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  1. #1

    talk down the recollection

    I'm trying to understand fully the meaning of talk down the recollection in the excerpt from Edith Wharton's novel Summer below:

    He wound up confidentially: "I was a damn fool ever to leave Nettleton. It
    was Mrs. Royall that made me do it."


    Charity immediately perceived that something bitter had happened to him,
    and that he was trying to talk down the recollection.



    Well it's not condescending, is it? Comments, please!


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    #2

    Re: talk down the recollection

    I think it means he was trying to put the memory of an unpleasant event behind him.

  2. BobK's Avatar
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    #3

    Re: talk down the recollection

    Quote Originally Posted by Anglika View Post
    I think it means he was trying to put the memory of an unpleasant event behind him.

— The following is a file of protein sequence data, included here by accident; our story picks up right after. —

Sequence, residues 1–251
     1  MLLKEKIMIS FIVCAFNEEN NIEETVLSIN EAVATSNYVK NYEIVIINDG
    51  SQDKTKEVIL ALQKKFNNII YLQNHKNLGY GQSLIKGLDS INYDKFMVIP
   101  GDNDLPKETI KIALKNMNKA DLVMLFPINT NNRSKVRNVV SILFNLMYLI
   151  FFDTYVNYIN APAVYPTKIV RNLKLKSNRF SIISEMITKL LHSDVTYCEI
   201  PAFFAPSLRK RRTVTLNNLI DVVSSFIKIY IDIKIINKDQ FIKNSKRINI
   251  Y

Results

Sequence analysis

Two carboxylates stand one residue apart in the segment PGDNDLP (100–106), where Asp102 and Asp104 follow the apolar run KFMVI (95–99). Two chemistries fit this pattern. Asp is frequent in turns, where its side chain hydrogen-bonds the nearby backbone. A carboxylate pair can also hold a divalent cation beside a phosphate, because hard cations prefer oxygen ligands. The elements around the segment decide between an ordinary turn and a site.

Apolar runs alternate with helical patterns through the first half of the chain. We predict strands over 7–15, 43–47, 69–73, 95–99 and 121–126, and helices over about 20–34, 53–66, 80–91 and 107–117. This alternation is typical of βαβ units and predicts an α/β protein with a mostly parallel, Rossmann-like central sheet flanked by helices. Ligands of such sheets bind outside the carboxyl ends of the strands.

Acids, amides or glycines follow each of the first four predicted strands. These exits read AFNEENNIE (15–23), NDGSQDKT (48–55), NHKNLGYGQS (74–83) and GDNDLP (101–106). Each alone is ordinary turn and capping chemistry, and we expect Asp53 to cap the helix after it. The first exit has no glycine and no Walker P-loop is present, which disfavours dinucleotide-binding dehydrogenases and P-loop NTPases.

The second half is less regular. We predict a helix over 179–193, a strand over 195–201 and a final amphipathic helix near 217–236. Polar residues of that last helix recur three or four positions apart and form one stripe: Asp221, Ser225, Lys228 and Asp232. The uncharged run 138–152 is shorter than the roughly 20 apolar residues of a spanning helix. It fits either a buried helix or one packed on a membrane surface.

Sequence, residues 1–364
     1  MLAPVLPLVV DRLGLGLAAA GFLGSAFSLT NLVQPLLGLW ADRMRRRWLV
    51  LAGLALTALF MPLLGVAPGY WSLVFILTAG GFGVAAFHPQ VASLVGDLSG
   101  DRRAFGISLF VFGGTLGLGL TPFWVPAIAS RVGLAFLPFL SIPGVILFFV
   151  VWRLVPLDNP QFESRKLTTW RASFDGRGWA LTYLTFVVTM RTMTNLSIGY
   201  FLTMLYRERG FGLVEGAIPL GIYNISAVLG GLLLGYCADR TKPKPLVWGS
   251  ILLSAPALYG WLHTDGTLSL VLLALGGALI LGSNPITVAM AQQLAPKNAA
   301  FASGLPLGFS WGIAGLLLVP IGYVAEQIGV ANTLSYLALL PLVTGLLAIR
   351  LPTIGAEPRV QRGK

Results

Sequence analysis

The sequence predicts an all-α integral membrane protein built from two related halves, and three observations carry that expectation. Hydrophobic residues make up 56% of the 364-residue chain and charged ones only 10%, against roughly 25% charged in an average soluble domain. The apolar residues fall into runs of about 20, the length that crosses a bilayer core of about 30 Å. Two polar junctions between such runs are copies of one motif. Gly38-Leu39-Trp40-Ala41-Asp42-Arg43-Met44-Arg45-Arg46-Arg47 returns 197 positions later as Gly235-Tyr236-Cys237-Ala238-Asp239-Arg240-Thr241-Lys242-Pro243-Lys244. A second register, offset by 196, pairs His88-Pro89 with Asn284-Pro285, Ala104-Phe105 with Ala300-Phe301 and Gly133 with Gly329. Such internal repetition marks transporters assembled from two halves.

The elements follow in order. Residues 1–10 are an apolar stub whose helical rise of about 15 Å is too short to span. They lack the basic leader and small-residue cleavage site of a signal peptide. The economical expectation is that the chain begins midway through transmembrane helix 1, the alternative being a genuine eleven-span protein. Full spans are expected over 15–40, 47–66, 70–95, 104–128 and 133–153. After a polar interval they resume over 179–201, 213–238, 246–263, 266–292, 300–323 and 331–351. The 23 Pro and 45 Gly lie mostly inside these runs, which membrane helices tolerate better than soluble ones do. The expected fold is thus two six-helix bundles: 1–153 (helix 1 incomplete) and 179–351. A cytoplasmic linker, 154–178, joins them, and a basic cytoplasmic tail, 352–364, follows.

'Talk down' is used, typically, when someone is about to commit suicide.

    He was on a ledge at the top of the building, but the police talked him down.


    The analogy is not close in this case, but you can make it: the recollection = the threat of self-harm. He knew that the recollection was a bad thing, and he wanted to talk about it calmly until it was in a place that was harmless (that is, out in the open and not lurking in the back of his mind).

    b

    PS
    There's another meaning of 'talk down', but I don't think EW had the movie Airline in mind.

  3. #4

    Re: talk down the recollection

    Quote Originally Posted by BobK View Post


    '... the recollection = the threat of self-harm. He knew that the recollection was a bad thing, and he wanted to talk about it calmly until it was in a place that was harmless ...

    PS
    There's another meaning of 'talk down', but I don't think EW had the movie Airline in mind.

    Yes, I can see the analogy, and I think it's very fitting. Thanks ...

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